(2) Writings of Grandson Marion James Hopper (Some editing by Edith Hopper Horn)

(3) History of Luckey, Ohio

(4) Story of the Hopper Settlement

(5) Pemberville Leader March 4, 1892

(6) Memoirs of Jessie Belle Hopper Lantz (Some editing by Edith Hopper Horn)

Elijah H. Hopper from Beers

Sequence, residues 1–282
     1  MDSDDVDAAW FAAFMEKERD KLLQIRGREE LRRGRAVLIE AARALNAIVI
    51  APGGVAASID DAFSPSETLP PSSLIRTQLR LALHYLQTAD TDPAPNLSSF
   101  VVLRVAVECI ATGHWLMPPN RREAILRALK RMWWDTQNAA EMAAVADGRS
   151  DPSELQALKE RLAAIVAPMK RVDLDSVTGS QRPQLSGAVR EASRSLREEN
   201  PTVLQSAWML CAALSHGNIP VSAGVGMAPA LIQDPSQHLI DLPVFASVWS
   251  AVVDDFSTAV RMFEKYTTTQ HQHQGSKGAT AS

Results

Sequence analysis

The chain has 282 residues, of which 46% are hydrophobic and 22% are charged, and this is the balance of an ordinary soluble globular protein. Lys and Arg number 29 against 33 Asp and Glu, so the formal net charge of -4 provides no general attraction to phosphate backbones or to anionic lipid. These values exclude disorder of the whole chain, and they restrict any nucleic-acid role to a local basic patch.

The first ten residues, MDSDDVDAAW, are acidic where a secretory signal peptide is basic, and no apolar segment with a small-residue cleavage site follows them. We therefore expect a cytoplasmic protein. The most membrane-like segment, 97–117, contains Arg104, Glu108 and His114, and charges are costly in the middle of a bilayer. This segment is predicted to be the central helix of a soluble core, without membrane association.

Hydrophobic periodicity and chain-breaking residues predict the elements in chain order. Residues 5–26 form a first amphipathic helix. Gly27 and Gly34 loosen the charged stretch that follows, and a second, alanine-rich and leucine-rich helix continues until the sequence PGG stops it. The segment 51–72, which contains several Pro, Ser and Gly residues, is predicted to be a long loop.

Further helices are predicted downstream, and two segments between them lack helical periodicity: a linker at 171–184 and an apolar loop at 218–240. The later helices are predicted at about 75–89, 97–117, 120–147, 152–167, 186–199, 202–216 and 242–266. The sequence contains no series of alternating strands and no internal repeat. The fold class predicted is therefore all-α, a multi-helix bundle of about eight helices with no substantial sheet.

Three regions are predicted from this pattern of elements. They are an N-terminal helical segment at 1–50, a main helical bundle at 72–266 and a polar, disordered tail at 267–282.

ELIJAH H. HOPPER, a well-known agriculturist of Webster Township, was born in Lucas county, Ohio, June 1, 1841. His family is of English origin, and his grandparents, William and Mary Hopper, were lifelong residents of the county of Kent, England. George Hopper, our subject’s father, was born there in 18o8, a nd in early manhood came to the United States, locating first in New York State, where he was married, in 1830, to Miss Annie Robbins, who was born in New York, June 12, 1808. Nine children were born to them: Rufus, deceased; William, deceased; Mary, the wife of Samuel Lyman, of Leesburg, Ind.; Priscilla; James J.; Elijah H; Luella, the wife of Fred Leathers, of Michigan; Augustus H., a resident of New York; and Benjamin, who lives in Toledo. In 1840 our subject’s father came to Wood county, and bought 16o acres of land in Troy township, which he improved. He was a man of excellent qualities, much esteemed by those who knew him, a Republican in politics, and a member of the M. E. Church. He died in 1878, followed two years later by his wife. Mr. Hopper attended the district schools of Troy township during his boyhood, and in 1863 went to Webster township and bought ninety-six acres of fine land near Fenton, which he has since cultivated. His industry and frugality have met their due reward, and he now has a handsome residence and a barn of the latest model. He is chiefly engaged in general farming and stock raising. He was married in 1863 to Miss Catherine S. Allen, who was born in Sandusky county, in 1842. They have had four children, two of whom died in infancy. The others are Mary, who married Adrian Hiser, and Ada, the wife of Eugene Morris, of Stony Ridge. In the year 1895, Mr. Hopper lost his barn and all of his out-buildings by fire, occasioned by combustion. He afterward sold his farm and purchased a vegetable and fruit farm in Findlay, Hancock Co., Ohio, upon which he and his wife moved, and where they still reside. Mr. Hopper holds a high place in the community, and has held positions of trust in the township most of the time for twenty years. He is a leading member of the M.. E. Church, and has been influential in the Sunday school for thirty-eight years.   News paper article below provided by and written by Mike Sibberson “The Hopper Settlement” Pemberville, Tuesday March 14, 1978 Story of the Hopper Settlement